Another way of creating a cap table is to list investors in order, with the largest shareholders at the top and the lowest shareholders at the bottom.
One of the greatest challenges in utilizing a capitalization table is keeping it continuously updated. Common changes that can be difficult to keep up with include when companies sell new shares of current securities or they issue shares of new securities. Other changes include increasing the offering of options and offering options to employees.
Companies also must update the capitalization table when an employee leaves the business and their options terminate with their employment. In addition, companies must update the capitalization table when options expire, when investors exercise vested options, and when investors redeem, transfer or sell their shares.
Addressing Cap Table Management Issues in the Most Secure Manner Possible
In simple terms, a capitalization table is merely a ledger that keeps track of who owns what portion of the company. Yet, cap table management isn’t simple because many things can complicate it, such as complications in tracking, presenting debt, convertible debt option, warrants and derivatives holders. These issues can cause ledgers to get out of control quickly.
Capitalization tables have long been done on manual spreadsheets. However, manual processes are quickly becoming outdated, as they’re inherently difficult to keep updated and they lack security controls.
Many different people need to get information from the company’s cap table. Many people also need to update the cap table, such as the accounting department, board directors, senior managers, invested parties with partial ownership and lawyers. When the proper parties don’t have access to the cap table, it creates a lag in getting the table updated. Lack of secure communication means that no one is sure if the table is accurate and up-to-date.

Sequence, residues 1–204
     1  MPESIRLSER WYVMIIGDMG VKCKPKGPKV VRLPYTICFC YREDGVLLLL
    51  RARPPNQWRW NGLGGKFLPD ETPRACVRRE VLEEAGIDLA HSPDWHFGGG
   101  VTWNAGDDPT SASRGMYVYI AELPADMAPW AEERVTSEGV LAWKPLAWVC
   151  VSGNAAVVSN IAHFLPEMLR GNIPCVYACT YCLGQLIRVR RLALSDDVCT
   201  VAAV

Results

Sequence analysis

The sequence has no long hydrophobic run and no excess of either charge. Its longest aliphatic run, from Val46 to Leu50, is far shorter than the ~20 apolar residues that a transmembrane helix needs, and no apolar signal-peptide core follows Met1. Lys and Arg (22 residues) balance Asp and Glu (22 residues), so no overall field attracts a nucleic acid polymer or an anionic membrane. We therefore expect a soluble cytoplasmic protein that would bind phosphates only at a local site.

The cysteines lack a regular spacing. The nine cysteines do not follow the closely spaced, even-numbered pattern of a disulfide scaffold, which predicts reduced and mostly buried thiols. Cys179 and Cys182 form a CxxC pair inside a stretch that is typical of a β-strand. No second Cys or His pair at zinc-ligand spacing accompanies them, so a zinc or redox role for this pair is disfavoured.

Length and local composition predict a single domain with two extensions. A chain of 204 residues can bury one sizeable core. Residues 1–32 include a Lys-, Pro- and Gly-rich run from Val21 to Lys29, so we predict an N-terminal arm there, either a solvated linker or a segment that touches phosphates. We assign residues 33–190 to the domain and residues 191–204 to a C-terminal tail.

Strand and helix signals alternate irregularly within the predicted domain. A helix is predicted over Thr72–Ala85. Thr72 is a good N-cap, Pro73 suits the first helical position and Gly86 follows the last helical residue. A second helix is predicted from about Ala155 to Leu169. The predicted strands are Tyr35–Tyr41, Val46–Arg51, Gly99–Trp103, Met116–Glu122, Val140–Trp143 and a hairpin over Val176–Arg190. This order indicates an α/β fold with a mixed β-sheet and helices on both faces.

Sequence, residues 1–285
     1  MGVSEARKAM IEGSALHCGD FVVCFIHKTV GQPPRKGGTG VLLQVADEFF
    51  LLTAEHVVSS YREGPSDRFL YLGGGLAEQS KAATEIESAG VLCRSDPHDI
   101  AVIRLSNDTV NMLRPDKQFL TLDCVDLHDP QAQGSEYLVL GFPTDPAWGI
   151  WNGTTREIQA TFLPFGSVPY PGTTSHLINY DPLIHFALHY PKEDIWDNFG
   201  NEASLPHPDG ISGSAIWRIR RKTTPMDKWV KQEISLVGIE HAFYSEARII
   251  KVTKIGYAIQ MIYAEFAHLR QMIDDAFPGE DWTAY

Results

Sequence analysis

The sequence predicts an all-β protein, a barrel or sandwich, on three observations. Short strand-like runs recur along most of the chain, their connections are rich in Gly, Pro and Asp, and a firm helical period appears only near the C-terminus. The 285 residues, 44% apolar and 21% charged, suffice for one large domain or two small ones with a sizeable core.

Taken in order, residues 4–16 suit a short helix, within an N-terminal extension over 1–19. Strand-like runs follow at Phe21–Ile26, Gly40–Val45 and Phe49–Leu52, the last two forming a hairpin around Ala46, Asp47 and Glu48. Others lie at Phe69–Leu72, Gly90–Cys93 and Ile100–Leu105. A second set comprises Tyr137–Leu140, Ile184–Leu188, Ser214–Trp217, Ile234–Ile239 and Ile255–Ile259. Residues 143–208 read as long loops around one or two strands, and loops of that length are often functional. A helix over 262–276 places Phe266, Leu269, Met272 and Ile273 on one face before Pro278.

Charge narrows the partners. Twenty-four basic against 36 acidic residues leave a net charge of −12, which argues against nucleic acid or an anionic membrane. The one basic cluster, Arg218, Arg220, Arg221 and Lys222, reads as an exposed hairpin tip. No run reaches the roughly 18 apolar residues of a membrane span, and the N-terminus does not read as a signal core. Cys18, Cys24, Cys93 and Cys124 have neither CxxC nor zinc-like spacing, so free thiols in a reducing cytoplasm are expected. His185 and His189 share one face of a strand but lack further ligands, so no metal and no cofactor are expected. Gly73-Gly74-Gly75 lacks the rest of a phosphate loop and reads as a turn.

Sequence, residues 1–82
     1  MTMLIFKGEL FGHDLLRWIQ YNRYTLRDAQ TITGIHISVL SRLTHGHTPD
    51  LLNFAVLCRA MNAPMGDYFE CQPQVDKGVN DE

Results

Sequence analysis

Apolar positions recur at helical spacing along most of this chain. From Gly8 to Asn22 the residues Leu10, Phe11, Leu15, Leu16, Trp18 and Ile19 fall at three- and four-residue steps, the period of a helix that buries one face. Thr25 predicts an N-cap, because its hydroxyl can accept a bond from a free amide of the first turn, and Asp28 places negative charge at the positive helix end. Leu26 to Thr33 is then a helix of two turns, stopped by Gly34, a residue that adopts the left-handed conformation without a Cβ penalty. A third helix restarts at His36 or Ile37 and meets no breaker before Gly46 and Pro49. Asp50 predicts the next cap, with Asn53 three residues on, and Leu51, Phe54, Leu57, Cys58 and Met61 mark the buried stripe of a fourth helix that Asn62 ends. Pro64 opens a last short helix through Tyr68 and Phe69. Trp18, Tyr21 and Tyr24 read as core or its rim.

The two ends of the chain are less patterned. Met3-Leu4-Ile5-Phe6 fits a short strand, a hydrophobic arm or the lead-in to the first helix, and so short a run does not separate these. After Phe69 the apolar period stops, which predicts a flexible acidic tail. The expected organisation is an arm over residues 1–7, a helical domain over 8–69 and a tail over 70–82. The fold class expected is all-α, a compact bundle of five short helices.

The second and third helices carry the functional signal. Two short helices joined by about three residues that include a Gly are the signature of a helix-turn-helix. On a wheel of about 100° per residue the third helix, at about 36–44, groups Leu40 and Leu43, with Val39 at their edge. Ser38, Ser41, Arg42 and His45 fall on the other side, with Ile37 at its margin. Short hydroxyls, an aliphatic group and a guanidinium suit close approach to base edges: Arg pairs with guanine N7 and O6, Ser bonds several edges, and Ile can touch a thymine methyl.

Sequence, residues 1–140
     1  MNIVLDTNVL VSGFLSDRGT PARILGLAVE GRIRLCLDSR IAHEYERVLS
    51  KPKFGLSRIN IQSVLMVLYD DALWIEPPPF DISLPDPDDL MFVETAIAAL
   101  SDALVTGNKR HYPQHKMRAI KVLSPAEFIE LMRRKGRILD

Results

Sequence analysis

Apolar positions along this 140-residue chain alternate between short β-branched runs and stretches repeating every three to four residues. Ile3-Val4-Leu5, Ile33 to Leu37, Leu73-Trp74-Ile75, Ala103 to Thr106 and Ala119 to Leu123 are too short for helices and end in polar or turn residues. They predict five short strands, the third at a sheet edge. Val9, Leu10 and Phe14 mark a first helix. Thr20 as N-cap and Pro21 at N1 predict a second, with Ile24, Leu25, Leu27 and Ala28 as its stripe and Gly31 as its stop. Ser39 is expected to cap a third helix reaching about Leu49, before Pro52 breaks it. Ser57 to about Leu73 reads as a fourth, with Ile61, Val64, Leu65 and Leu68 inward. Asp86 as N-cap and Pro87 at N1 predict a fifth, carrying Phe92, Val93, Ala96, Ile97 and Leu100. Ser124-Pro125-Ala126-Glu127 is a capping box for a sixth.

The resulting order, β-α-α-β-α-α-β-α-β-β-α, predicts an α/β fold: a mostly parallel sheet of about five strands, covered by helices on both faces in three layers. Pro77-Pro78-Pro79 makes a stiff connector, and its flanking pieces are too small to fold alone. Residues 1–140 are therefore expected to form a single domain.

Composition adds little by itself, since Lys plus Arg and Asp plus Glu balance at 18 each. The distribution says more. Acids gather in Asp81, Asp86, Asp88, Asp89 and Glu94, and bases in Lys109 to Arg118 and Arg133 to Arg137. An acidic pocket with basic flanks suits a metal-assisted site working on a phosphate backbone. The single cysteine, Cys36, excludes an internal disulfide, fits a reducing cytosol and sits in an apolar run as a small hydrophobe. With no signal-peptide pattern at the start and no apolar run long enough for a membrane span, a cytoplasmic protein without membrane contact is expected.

The manual spreadsheet process is quickly becoming outdated, as it takes a lot of time to update it and it also presents numerous opportunities to create mistakes due to human error. The modern solution to managing a capitalization table is to use a cloud-based, centralized system with state-of-the-art security and granular permissions.
EquityEffect is a cap table management company that provides a secure, centralized system that gives companies control over who can access the cap table and ensures it stays updated in real time.
The platform makes it easy to organize and track cap table management. Digital tools for automated calculations and formulas decrease the chances of mistakes due to human error. An online system makes it easier to remember to include the many new or small changes that need to be made to the cap table. As the table can be continually updated in real time, EquityEffect’s platform makes it easier to factor in liquidity in the most accurate way. Real-time updates will match information that’s stated and formalized in legal documents, which also helps to avoid future confusion.
Most of all, having the ability to control who updates the table, and being able to ascertain who has made changes to it and when those changes were made, means that the cap table will be as accurate as possible at all times.